Poetry Explorer- Classic Contemporary Poetry, THE GRASP OF THE DEAD, by LETITIA ELIZABETH LANDON



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THE GRASP OF THE DEAD, by             Poet's Biography
First Line: Twas in the battlefield, and the cold pale moon
Last Line: With his sword in his own brave keeping!
Alternate Author Name(s): L. E. L.; Maclean, Letitia


'Twas in the battle-field, and the cold pale moon
Look'd down on the dead and dying;
And the wind passed o'er with a dirge and a wail
Where the young and brave were lying.

With his father's sword in his red right hand,
And the hostile dead around him,
Lay a youthful chief: but his bed was the ground,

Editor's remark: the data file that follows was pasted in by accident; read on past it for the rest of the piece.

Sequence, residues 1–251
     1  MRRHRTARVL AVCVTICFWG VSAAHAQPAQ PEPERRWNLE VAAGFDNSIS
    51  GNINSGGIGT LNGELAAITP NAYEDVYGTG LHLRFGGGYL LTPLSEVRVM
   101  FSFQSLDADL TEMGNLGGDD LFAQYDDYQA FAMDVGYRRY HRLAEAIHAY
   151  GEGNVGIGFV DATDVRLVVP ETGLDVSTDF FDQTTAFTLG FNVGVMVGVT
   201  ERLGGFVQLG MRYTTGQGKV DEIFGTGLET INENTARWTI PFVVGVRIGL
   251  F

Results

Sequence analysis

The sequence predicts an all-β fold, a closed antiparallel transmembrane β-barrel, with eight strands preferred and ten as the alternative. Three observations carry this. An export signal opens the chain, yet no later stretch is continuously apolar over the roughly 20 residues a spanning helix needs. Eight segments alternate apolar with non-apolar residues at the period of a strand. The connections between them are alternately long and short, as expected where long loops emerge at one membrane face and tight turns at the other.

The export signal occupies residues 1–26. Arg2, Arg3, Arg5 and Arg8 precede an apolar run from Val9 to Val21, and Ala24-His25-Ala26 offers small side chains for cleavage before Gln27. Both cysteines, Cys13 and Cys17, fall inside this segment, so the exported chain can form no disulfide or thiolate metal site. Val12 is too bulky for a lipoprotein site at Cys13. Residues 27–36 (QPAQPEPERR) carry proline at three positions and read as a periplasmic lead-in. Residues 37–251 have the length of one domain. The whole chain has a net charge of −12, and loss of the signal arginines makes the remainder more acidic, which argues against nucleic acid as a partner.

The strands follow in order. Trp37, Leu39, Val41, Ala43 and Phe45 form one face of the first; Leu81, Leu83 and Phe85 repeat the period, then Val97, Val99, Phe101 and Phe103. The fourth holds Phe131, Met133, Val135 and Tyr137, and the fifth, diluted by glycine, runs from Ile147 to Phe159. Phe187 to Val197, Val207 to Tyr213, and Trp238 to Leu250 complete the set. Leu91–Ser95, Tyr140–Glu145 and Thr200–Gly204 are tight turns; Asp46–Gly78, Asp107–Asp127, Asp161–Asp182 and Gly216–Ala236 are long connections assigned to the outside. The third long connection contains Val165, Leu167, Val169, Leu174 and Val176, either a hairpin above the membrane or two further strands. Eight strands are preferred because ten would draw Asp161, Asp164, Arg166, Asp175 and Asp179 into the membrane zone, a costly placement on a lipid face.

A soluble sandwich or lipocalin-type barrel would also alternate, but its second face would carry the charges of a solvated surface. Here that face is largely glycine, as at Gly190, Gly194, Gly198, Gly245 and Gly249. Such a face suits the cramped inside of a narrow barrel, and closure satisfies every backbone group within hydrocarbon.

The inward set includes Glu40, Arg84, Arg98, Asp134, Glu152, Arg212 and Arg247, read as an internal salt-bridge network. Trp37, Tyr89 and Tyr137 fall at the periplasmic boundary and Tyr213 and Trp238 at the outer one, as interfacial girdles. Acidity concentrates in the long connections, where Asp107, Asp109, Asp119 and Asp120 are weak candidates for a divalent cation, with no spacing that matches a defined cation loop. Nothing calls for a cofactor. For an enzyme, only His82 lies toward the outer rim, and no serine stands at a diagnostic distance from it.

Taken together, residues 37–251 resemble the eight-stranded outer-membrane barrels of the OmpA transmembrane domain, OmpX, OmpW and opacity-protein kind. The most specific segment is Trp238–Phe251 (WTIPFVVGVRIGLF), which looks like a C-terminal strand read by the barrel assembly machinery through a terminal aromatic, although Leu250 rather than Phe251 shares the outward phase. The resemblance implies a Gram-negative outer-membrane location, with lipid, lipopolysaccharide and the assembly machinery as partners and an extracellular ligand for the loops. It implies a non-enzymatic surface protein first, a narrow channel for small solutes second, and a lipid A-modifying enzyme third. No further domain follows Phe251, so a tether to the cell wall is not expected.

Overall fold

And the grave's icy sleep had bound him.

A reckless rover, 'mid death and doom,
Pass'd a soldier, his plunder seeking;
Careless he stept, where friend and foe
Lay alike in their life-blood reeking.

Drawn by the shine of the warrior's sword,
The soldier paus'd beside it;
He wrench'd the hand with a giant's strength,
-- But the grasp of the dead defied it.

He loos'd his hold, and his English heart
Took part with the dead before him;
And he honour'd the brave who died sword in hand,
As with soften'd brow he leant o'er him.

"A soldier's death thou hast boldly died,
A soldier's grave won by it:
Before I would take that sword from thine hand,
My own life's blood should dye it.

"Thou shalt not be left for the carrion crow,
Or the wolf to batten o'er thee;
Or the coward insult the gallant dead,
Who in life had trembled before thee."

Then dug he a grave in the crimson earth,
Where his warrior foe was sleeping;
And he laid him there in honour and rest,
With his sword in his own brave keeping!






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